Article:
Another medium that has been used to spread information about health and medicine is television. Beginning in the 1830s many developments were made with electronic communication, Many people are credited in the late 1800s and early 1900s with inventions and discoveries that eventually lead to the creation of television as we know it today. By the 1930s several television programs are being broadcast from London and the US. (10) The very beginning of such a wide public interest in athletics and fitness may have begun with the first televised sporting event with the 1936 Summer Olympics in Berlin. (11) Today the Olympics, both winter and summer, are some of the highest rated programs to air all over the world. The 2012 summer Olympics pulled in over 31 million viewers in the US. (12)

 

The successful broadcast of athletic events also extends to the advertising. Major health and fitness related brands such as Nike,  Adidas and many others spend millions of dollars using popular athletes to promote their brands with TV advertising. Documentaries, and entertainment news channels often interview athletes about their training and diet. Through watching these events and learning more about the athletes who perform in them, millions of people around the world can learn more about how to condition their bodies to become better athletes. 

 

Eventually with the invention of the VCR videos became a popular way to exercise at home. In the 80s and 90s many “workout videos” became available and gained popularity.  Aerobics, kickboxing, yoga and anything that can be done in front of a tv could be done through watching a video.  The popularity of such videos has not slowed down even though video cassettes have faded out of existence. Only the medium which is used to watch these videos has changed from DVD to blue ray and more recently streaming video. With the ability to watch a video from a phone, computer or television instantly the fitness video industry has only grown larger.  While certain paid for videos may have become popular with streaming video there is also an endless amount of free video content in the fitness genre. Some if created be amateurs however, much of it comes from legitimate companies who offer free content as a way to make money through advertising.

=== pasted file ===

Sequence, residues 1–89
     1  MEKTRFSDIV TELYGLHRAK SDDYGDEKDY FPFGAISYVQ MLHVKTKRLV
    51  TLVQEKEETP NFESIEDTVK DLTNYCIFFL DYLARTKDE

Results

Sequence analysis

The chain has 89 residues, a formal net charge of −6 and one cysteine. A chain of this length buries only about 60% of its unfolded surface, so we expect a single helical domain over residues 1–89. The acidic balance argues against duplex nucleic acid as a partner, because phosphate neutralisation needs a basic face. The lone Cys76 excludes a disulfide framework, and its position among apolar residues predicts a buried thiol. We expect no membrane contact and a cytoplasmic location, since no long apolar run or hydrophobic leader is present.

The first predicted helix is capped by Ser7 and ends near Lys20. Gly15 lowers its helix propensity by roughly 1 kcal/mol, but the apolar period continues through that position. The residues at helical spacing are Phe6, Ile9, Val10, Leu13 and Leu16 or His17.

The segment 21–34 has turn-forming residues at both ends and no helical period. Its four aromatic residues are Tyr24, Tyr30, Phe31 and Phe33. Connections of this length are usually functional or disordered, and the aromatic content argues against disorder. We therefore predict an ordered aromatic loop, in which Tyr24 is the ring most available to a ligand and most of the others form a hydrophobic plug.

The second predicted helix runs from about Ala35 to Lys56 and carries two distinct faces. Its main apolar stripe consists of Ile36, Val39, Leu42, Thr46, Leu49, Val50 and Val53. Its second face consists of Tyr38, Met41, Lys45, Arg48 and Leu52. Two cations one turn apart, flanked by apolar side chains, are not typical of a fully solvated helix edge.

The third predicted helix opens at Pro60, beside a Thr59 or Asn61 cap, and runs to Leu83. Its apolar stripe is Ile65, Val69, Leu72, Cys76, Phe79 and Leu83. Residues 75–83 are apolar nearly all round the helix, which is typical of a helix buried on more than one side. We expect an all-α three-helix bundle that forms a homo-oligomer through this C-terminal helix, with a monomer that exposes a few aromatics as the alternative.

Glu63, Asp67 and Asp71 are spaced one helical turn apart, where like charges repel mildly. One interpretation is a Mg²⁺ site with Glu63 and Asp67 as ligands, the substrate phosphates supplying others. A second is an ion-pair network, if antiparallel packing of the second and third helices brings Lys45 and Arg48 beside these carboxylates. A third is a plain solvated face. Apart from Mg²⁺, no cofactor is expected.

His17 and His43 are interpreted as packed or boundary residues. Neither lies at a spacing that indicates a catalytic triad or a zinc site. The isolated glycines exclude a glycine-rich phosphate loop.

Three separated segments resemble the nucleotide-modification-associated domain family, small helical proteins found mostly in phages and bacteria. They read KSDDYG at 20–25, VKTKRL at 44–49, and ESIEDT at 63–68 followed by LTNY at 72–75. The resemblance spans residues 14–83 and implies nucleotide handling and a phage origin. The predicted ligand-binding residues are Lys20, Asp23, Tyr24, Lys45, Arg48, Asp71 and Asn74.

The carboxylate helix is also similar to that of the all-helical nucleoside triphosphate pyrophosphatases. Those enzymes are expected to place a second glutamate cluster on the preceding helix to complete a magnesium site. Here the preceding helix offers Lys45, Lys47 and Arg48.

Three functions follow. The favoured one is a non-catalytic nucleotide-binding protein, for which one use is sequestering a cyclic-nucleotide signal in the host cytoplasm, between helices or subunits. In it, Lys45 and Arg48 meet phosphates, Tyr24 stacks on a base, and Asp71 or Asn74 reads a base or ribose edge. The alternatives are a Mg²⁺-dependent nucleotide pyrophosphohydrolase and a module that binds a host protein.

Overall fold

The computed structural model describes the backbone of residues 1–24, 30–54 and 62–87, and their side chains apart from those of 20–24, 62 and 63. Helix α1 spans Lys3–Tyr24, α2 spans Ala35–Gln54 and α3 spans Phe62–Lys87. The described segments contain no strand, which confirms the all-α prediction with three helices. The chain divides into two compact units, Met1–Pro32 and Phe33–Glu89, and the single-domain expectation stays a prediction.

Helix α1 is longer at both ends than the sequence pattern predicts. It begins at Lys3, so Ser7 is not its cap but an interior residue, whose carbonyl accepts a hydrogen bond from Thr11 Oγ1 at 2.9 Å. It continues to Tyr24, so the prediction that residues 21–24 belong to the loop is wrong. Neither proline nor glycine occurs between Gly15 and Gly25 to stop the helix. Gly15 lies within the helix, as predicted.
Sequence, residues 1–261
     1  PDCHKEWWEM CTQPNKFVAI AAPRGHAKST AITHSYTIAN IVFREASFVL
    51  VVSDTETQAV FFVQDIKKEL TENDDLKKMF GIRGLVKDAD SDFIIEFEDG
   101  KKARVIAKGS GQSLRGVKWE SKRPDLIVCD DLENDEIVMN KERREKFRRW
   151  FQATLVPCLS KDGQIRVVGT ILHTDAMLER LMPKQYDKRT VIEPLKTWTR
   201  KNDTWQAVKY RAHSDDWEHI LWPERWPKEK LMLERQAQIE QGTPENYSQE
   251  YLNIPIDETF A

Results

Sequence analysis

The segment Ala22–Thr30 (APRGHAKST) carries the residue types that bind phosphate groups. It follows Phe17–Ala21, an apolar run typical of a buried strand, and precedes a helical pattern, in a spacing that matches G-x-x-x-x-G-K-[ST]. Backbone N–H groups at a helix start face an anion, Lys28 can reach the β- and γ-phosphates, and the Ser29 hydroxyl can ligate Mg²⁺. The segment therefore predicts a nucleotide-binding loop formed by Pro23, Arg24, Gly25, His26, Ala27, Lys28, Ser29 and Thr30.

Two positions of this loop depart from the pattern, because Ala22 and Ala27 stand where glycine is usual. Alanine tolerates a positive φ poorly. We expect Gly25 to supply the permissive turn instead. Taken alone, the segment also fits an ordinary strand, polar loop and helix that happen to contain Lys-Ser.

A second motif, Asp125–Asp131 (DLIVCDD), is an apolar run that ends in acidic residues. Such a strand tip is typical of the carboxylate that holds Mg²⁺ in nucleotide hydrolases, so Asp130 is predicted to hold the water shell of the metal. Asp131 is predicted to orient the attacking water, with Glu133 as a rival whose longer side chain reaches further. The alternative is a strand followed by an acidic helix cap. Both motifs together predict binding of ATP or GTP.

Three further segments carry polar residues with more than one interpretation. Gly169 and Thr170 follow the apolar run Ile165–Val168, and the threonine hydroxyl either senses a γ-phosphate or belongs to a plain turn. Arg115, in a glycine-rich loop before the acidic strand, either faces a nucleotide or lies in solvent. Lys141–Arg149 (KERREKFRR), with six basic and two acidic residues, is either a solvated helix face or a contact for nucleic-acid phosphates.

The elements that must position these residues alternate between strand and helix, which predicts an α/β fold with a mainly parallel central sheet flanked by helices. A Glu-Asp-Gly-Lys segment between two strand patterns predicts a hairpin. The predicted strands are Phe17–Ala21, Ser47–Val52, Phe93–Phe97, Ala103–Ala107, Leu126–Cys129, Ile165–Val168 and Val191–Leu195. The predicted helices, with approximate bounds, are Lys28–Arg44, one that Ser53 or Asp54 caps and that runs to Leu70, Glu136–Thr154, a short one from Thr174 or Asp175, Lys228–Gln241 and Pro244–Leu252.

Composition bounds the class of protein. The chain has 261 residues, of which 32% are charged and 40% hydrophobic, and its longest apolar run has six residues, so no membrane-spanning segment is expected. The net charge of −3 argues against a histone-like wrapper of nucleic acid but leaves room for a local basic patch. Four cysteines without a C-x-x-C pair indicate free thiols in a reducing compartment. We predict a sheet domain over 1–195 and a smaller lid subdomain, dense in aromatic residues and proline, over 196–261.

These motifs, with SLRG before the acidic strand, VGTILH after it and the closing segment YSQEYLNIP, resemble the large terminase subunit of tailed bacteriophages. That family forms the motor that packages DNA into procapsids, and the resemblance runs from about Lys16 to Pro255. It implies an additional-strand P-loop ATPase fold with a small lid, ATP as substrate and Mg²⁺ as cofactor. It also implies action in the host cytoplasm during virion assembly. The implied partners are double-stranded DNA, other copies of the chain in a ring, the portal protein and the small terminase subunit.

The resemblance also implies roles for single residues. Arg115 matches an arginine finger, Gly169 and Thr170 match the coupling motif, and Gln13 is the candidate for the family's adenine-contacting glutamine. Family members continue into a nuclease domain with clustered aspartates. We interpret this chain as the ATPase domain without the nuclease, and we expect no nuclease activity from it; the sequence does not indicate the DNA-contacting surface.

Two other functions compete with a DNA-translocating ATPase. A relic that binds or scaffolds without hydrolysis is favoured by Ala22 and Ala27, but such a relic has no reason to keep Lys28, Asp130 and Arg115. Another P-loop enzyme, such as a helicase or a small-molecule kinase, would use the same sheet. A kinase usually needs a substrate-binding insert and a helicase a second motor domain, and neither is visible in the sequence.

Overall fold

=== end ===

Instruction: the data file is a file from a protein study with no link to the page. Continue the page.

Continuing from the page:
In recent years with the invention of the internet many magazines have moved farther away from print. There are now many magazines that exist only online and others that print but heavily rely on the internet for both content and advertising. It is now possible to read the same magazine in print, on a desktop or laptop, a tablet and a smart phone. The ability to so quickly access information makes it necessary for publications to more frequently update their content. Social media such as twitter and facebook are used by nearly every company, especially magazines, to keep their customers interested.

 

Today the way we receive information is constantly changing. It’s becoming easier and quicker to learn about any subject regardless of where you live or what language you speak. Television is giving way to streaming video and print magazines are yielding to websites and tablet applications. When it comes to health and fitness, people generally want information as soon as possible and tailored to their own needs. iPhone applications such as My fitness Pal, which can track your calories taken in and burned as well as macro and micro nutrients and suggestions based on you age, weight, height and body fat percentage, may eliminate a need for anyone to hire a personal trainer, nutritionist and may possibly reduce a person’s need for doctor visits. Any one today can easily put together a healthy diet and exercise plan to suit their needs by using applications or using websites for research. 

 

I believe, as with most things that are marketed online, the future will allow us to have more applications  and devices specifically designed for each of our personal needs. It is already possible to use a phone application to take your heart rate simply by placing your finger on the camera of your phone. Eventually I believe more health related technology could be used on handheld devices that people carry with them each day.  Each technology that delivers information may seem to disappear but eventually it gives way to an improved version. Ancient texts studied by scholars became translated and mass produced. Newspapers and magazines delivered more content to larger audiences. Now even modern technology is becoming something better each day and provides us with new ways to educate ourselves and better our lives.

 

 

 

1. http://www.fda.gov/AboutFDA/WhatWeDo/History/Origin/ucm124403.htm

2. http://www.fda.gov/AboutFDA/WhatWeDo/History/Origin/ucm054819.htm

3. http://blog.fooducate.com/2008/10/25/1862-2008-a-brief-history-of-food-and-nutrition-labeling/

4. http://www.livestrong.com/article/364051-the-history-of-fitness-nutrition/

5. http://www.nlm.nih.gov/hmd/greek/greek_loss.html

6. http://www.olympic.org/ancient-olympic-games

7. http://www.cybercollege.com/frtv/mag1.htm

8. http://www.cybercollege.com/frtv/mag1.htm

9. http://www.ehow.com/about_5038102_history-readers-digest.html

10, http://inventors.about.com/od/tstartinventions/a/Television_Time_3.htm

11. http://en.wikipedia.org/wiki/Broadcasting_of_sports_events

12. http://www.nytimes.com/2012/08/14/sports/olympics/nbc-improves-on-olympic-ratings.html?_r=0